Cam Newton made his New England debut in a new-look offense designed to suit his skills. He ran the ball 15 times, a number that coach Bill Belichick has downplayed by attributing the output to option runs that sometimes get kept by the quarterback, and that sometimes get handed off.
Here’s the reality: Seven of Cam’s carries were designed runs; only six came via an option play. (Cam’s longest run of the day happened on a scramble. He also took a knee for his final carry of the day.)
On six occasions, Newton handed the ball off on an option play. Once, he pitched the ball from an option look.
So that’s seven designed runs, six option runs, and seven situations in which he opted to get the ball to the tailback.
On Sunday night against the Seahawks, the question becomes whether the Patriots will use the quarterback option more or less than the 13 times it was used on Sunday against Miami. Also, will Newton have more, less, or the same number of designed runs?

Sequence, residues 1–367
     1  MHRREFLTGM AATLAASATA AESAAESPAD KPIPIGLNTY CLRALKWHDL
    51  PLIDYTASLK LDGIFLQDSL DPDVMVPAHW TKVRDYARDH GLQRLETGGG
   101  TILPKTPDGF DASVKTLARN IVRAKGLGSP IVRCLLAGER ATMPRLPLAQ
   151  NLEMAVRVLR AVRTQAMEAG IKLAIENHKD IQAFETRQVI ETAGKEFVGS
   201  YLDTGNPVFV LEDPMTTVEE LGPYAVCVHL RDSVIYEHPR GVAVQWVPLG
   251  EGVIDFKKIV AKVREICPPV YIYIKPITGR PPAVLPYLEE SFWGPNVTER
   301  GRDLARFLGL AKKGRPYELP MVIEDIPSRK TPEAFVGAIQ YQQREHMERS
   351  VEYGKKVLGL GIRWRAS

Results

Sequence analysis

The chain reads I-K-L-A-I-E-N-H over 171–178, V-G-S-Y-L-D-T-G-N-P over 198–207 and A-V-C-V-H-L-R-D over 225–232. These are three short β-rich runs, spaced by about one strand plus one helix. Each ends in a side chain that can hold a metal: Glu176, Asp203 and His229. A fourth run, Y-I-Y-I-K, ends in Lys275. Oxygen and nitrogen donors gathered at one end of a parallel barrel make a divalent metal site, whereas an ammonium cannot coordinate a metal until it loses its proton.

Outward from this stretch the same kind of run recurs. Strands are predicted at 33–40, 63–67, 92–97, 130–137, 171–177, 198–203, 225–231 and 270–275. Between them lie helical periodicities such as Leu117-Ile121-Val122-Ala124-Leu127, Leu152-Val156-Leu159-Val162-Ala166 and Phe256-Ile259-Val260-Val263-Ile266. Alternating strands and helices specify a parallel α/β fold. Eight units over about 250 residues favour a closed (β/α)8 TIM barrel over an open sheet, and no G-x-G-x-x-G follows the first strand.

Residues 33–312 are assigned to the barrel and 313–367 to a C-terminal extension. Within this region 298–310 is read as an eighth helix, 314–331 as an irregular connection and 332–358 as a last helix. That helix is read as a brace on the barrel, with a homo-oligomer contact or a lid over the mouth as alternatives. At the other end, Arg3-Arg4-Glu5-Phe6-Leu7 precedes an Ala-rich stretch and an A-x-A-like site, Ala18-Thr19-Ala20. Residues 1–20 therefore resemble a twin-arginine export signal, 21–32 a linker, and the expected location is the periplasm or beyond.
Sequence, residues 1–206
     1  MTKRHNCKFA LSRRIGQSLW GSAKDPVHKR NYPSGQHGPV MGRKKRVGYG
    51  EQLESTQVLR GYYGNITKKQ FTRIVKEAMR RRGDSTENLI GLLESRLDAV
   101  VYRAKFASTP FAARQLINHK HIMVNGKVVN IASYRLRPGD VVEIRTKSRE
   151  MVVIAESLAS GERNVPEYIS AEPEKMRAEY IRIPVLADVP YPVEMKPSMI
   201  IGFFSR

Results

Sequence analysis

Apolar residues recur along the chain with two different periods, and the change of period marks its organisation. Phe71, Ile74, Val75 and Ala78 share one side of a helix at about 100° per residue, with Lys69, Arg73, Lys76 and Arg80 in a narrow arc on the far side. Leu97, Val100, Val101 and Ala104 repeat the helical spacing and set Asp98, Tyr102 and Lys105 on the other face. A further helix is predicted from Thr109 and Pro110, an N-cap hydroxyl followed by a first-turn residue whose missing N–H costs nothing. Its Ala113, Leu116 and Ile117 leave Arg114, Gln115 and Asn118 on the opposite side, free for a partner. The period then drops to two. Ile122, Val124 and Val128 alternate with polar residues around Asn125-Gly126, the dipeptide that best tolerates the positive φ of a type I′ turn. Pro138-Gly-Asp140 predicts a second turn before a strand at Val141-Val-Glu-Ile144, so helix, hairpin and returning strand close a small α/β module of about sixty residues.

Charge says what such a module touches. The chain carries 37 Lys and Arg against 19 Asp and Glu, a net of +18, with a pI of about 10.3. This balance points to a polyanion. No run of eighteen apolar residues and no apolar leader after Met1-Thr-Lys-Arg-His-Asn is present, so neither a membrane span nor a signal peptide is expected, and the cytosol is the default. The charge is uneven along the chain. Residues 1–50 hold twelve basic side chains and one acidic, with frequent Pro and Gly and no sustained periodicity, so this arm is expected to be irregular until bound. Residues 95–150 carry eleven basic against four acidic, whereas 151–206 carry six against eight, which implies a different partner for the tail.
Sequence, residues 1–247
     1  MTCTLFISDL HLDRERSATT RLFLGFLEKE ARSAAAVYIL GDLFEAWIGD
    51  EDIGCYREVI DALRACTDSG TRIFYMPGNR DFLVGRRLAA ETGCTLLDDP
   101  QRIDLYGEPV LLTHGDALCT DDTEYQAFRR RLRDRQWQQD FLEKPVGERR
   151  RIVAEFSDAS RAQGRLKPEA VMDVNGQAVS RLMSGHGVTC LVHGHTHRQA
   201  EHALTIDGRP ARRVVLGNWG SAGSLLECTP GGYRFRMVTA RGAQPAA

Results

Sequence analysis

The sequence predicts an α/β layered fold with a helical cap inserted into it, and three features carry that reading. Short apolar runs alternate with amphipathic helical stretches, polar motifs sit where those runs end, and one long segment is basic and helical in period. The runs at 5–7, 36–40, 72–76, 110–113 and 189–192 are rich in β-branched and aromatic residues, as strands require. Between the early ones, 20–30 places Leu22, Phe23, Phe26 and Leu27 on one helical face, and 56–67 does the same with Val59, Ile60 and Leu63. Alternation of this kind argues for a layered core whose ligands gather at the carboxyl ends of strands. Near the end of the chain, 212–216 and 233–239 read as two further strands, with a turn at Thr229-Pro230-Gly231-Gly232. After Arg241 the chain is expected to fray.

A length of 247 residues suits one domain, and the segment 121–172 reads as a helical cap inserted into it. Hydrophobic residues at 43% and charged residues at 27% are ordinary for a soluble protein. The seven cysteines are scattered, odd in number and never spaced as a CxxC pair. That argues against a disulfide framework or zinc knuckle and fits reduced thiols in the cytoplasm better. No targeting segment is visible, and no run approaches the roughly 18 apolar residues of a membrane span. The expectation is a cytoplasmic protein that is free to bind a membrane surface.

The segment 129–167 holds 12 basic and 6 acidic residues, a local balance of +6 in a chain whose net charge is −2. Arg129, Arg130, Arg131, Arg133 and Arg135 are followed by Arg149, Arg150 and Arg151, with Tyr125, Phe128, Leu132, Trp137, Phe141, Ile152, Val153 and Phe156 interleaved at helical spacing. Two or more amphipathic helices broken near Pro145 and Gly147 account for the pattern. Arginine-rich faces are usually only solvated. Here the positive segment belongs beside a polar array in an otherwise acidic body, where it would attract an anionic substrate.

He stayed out of harm’s way for the most part when running, with the most intense contact coming on New England’s final touchdown drive, as Newton tried to convert a third and six and then a fourth and one.
The use of the option play often kept defenders close to the line, opening up underneath zones for short-to-medium throws that can help keep the chains moving. Once, the Dolphins seemed to anticipate another option play, but Newton handed the ball to receiver Julian Edelman on a jet sweep. Edelman picked up 23 yards after sprinting past the Miami defenders (and as one of them in particular — safety Eric Rowe — seemed to be lollygagging to the ball).
The new offense ended up looking very diverse, and being extremely methodical. The Patriots outplayed the Dolphins by more than the 21-11 final score would suggest, fueled by 217 total rushing yards. But for a fumble through the end zone, the Patriots would have had another touchdown, pushing their score to 28 points.